Soefje: Yeah, so one of the big problems with cancer care as we move forward is it's not always those things that are “which drug for which tumor”; we're getting better at that kind of stuff. It is, “how do we improve the quality of life for the patient? How do we balance that long term effect with the quality of life that everybody wants as they're moving forward?” We always hear from patients, “I don't want to be sick as a dog and in the cancer center the rest of my life if I'm having a short life,” and so how do you balance that? And then the new thing is the financial toxicity. The newer drugs are not cheap. There's no way around it. And what we're seeing is more and more cancer patients burdened with medical debt to the point of even bankruptcy. And so how do we begin to help Aleve financial toxicity? And this may come back to things like, how do we use AI to use the right drug to predict the right time? How do we discontinue the drug when it's necessary? All these things that are being discussed across all the different tumor types. It's going to be an important area of study over the next several years.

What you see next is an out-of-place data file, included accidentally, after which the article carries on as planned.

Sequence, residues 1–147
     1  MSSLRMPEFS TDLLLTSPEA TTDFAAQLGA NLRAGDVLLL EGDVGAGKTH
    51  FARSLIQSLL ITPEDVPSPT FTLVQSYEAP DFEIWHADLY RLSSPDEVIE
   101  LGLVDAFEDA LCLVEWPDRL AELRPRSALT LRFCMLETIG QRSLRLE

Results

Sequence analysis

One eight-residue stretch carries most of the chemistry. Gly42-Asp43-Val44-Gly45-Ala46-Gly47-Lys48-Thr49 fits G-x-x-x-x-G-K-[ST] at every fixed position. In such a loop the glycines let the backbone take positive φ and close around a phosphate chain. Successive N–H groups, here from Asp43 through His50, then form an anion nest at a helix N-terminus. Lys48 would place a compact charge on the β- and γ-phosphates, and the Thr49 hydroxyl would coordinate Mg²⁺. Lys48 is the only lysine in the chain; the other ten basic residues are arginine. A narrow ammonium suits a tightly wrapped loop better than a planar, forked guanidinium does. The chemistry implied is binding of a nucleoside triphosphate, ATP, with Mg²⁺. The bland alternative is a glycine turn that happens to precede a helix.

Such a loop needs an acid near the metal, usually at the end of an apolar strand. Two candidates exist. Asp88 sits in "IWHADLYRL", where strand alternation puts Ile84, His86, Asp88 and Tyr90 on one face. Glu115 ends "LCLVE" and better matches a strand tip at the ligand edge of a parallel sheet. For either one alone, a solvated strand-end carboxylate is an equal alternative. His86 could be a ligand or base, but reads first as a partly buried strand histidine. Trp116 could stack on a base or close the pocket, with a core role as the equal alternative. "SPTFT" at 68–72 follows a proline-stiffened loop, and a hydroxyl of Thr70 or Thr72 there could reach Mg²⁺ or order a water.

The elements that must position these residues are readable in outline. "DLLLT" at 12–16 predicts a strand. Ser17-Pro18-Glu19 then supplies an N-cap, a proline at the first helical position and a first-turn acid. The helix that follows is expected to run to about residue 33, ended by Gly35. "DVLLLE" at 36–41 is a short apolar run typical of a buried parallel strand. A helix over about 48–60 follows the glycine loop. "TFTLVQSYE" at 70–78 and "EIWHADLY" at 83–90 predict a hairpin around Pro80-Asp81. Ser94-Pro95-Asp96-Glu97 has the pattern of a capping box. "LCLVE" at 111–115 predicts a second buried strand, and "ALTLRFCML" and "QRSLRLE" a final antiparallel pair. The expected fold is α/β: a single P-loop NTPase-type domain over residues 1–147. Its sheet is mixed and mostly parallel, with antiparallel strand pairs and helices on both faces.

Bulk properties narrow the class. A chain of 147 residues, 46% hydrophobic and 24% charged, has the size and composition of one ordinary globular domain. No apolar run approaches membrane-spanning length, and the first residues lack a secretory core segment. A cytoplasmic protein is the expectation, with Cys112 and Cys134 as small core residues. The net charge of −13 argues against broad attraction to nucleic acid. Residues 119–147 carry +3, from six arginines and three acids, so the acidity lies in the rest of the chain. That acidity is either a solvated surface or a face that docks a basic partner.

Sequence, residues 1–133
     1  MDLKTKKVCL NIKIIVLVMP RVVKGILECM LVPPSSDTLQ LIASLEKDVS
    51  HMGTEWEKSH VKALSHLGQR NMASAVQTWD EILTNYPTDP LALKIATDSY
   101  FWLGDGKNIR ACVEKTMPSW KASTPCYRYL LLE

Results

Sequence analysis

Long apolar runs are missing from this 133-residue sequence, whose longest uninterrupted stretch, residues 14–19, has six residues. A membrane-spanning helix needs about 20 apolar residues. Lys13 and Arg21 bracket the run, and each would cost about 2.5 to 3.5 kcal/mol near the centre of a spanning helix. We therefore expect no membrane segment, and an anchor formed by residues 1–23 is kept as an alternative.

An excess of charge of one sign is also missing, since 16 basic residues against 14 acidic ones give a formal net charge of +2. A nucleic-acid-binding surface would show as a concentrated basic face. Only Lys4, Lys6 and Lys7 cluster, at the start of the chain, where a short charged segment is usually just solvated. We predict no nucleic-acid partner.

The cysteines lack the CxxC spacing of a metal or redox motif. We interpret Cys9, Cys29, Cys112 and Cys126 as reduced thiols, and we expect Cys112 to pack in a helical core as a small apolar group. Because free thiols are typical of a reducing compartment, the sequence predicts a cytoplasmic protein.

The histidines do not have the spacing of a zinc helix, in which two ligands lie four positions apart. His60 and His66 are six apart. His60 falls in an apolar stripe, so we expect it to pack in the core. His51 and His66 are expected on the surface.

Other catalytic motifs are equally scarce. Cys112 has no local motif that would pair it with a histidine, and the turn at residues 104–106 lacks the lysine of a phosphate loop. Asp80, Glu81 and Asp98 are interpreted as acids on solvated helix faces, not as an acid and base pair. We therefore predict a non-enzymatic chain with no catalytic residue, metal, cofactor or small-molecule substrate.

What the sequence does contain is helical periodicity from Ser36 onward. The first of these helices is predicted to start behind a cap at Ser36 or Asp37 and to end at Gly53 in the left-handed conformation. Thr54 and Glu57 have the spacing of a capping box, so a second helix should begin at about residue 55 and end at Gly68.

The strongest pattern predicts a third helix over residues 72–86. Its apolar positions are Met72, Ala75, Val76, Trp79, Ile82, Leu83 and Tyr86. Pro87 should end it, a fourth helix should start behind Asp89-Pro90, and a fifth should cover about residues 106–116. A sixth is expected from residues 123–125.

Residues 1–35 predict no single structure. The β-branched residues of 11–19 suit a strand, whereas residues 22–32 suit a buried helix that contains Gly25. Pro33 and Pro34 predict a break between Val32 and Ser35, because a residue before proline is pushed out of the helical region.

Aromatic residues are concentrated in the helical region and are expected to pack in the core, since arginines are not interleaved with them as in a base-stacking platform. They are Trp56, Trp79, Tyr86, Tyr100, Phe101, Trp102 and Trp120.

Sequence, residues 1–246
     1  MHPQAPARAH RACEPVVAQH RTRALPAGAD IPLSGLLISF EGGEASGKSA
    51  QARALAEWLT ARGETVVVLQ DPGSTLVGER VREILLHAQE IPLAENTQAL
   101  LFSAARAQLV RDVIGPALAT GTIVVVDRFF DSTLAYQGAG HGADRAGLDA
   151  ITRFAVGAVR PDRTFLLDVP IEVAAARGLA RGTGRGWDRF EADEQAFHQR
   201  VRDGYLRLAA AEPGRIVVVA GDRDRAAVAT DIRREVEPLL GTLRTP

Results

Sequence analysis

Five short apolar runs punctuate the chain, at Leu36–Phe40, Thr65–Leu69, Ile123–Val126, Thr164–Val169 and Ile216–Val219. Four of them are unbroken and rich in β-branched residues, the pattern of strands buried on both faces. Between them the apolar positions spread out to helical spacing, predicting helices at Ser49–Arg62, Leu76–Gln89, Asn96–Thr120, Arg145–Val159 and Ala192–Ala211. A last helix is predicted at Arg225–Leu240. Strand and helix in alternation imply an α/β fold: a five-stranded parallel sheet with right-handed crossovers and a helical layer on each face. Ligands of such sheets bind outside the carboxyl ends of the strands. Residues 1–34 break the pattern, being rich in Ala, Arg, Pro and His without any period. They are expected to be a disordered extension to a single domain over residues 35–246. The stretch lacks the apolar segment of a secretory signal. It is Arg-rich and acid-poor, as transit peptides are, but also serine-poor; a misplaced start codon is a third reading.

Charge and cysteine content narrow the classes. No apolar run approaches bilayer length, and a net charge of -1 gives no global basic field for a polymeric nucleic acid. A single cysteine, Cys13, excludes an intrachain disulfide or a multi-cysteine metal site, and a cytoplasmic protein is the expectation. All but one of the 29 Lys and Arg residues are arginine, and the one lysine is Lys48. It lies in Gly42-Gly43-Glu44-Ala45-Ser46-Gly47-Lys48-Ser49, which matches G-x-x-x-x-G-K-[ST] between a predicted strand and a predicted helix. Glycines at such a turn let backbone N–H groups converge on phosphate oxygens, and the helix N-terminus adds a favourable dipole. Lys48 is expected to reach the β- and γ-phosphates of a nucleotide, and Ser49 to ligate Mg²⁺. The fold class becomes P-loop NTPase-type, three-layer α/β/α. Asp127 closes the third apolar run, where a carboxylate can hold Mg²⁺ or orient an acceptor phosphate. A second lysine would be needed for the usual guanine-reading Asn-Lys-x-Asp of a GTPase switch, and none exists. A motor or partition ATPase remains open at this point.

Pharmacy Times: What are the latest advancements in pain management for patients with solid tumors, and how effective are they compared with traditional methods?